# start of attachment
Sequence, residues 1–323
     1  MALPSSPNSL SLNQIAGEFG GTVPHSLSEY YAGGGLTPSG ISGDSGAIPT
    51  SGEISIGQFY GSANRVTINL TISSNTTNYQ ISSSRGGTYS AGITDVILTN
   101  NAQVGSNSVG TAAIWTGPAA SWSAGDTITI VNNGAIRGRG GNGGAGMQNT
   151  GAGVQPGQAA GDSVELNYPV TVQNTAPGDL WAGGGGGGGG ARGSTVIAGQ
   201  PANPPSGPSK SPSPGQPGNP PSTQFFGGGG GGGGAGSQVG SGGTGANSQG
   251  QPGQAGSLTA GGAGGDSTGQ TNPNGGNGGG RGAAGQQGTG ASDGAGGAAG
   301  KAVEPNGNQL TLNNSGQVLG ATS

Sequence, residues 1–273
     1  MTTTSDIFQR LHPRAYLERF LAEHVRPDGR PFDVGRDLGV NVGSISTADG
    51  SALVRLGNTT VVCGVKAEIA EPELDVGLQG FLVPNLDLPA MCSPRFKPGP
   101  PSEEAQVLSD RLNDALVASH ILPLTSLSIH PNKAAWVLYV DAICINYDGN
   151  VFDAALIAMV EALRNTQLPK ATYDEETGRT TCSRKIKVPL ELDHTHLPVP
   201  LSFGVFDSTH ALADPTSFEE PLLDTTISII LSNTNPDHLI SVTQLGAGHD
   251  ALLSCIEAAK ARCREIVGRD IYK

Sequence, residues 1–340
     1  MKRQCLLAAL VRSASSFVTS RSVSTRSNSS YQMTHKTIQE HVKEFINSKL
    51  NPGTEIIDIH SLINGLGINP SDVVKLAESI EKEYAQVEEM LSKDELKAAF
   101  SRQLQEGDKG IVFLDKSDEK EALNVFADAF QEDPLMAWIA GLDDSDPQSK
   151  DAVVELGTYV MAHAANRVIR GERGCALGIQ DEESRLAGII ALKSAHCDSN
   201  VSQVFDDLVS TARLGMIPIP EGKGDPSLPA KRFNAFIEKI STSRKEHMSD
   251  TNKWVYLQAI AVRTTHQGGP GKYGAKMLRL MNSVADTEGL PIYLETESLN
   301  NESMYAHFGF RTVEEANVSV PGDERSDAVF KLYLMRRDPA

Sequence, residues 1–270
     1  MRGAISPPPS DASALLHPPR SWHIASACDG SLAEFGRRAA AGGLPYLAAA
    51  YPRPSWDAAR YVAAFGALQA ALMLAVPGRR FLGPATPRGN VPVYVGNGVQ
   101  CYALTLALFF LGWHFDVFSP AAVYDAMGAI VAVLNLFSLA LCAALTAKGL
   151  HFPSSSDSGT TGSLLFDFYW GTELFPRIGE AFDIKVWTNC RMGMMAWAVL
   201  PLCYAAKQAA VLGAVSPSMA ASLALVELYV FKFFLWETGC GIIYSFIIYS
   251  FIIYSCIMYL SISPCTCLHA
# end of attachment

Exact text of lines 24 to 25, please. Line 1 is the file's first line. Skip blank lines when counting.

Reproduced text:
Sequence, residues 1–270
     1  MRGAISPPPS DASALLHPPR SWHIASACDG SLAEFGRRAA AGGLPYLAAA